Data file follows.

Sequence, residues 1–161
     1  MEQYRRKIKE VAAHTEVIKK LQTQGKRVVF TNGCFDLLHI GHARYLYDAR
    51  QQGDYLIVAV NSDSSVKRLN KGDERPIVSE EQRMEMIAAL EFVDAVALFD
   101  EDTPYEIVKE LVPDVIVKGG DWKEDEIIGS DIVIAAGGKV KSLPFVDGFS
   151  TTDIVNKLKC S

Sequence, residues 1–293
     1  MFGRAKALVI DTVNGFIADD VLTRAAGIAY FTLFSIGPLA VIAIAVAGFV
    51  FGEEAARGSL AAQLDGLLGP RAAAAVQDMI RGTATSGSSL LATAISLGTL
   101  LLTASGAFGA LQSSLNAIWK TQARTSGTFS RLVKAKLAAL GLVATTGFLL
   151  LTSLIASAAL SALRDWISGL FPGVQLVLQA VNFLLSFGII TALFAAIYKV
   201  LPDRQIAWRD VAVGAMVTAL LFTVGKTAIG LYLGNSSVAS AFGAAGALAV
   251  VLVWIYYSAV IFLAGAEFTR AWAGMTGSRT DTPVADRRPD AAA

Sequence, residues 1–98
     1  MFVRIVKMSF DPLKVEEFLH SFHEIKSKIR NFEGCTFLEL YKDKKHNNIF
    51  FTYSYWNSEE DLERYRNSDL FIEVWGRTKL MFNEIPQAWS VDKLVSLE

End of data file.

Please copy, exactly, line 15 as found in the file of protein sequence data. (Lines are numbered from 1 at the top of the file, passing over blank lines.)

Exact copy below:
    51  FTYSYWNSEE DLERYRNSDL FIEVWGRTKL MFNEIPQAWS VDKLVSLE